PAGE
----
Generally, bacteria are the most common cause of infections in LT recipients. However, opportunistic infections are generally uncommon in the first 1–4 weeks after transplantation, depending on the recipient’s net state of immunity. Thus, unexplained early infections in this period are generally associated with surgery-related complications or donor-derived infections. This study examined all recipient blood cultures for bacteria within 30 days after LT to match the donor’s bacterial infection. In line with previous reports, the incidence of possible bacterial transmission from the donor was very low.10 11 Only one recipient’s blood culture had the same bacterium as the donor, and accounted for only 1.02% of all recipients in the current study.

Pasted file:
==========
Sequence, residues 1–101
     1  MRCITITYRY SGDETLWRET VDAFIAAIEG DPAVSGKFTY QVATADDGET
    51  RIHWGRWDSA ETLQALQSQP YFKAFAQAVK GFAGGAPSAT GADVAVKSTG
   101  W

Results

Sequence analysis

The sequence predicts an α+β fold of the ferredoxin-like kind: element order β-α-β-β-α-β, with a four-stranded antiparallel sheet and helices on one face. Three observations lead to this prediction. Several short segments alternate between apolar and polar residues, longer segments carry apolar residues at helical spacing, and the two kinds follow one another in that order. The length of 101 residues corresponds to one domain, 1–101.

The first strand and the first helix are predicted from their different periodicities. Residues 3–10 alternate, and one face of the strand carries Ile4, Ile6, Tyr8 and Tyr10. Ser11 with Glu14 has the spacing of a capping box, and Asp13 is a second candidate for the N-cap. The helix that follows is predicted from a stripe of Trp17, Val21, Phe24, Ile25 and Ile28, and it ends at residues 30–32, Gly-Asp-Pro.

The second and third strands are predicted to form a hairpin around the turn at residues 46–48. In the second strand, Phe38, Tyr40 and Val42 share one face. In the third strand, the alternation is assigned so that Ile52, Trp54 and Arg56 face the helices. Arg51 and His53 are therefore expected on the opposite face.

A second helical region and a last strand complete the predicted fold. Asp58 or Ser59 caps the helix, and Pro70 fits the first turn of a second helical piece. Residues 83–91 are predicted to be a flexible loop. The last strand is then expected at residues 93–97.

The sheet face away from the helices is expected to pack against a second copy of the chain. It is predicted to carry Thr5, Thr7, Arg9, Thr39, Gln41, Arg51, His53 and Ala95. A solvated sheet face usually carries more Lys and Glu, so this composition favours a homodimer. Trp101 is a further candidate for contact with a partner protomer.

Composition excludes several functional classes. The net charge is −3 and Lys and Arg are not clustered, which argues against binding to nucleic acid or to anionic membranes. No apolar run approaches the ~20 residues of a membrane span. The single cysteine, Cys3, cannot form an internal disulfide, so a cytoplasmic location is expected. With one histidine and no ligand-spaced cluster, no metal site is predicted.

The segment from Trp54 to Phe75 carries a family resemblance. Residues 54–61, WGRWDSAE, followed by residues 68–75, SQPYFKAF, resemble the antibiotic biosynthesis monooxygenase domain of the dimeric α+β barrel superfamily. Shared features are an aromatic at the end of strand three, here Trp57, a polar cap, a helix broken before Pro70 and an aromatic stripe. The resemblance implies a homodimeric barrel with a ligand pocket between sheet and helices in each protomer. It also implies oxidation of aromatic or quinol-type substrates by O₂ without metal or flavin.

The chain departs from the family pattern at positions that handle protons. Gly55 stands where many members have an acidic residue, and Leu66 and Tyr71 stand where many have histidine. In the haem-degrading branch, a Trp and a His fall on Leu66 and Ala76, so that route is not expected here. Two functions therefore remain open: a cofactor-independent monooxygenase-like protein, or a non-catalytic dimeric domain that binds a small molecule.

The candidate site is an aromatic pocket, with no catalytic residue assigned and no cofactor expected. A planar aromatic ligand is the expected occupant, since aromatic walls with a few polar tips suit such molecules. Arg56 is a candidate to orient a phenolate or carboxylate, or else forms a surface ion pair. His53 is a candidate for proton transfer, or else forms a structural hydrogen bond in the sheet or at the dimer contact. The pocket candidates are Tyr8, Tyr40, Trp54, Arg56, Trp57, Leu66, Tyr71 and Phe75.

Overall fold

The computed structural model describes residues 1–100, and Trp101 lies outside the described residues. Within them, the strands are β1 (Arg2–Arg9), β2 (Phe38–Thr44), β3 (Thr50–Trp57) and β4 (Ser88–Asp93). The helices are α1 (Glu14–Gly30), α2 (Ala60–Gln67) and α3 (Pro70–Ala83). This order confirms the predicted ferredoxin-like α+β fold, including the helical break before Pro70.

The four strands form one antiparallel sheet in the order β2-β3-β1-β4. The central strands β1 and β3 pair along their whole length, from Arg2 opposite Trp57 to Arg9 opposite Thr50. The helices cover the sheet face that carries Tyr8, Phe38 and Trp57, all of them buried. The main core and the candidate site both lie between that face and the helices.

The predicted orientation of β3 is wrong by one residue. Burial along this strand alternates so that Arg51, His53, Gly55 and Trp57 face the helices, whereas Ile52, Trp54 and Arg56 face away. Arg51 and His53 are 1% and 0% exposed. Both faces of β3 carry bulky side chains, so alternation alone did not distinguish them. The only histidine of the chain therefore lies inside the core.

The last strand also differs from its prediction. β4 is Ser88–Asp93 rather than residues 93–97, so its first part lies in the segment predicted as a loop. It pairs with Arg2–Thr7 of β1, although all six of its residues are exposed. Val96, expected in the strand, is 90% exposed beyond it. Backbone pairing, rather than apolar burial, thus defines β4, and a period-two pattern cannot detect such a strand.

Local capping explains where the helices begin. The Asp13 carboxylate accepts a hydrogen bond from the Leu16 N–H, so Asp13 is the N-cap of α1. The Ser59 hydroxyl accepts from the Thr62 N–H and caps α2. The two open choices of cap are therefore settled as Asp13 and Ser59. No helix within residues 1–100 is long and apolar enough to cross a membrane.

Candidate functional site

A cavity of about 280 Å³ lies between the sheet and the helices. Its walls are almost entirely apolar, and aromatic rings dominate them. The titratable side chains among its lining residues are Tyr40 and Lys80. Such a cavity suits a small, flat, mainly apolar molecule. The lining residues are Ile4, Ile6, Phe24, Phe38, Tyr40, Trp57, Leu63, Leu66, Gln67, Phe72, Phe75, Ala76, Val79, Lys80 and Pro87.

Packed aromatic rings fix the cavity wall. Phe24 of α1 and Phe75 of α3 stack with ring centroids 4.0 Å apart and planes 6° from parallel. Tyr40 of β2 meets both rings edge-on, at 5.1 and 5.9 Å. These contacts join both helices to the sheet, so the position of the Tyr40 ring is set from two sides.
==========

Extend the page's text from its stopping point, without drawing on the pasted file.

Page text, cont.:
A. baumannii is a typical Gram-negative bacterium that can be an opportunistic pathogen affecting patients with compromised immune systems.12 13 However, the recipient who obtained the left liver graft from the same donor had no evidence of this bacterium in their blood cultures after LT. Therefore, the recipient’s pathogen could be a hospital-derived nosocomial infection instead of transmission from donor. Meanwhile, liver grafts are usually flushed with organ preserving solution during organ procurement, and re-perfused with more than 1500 mL/min of the recipient’s blood after graft implantation. As such, bacteria within the liver graft are likely to be diluted by these process, and the chance of donor-derived bacterial infection in the recipient is very low.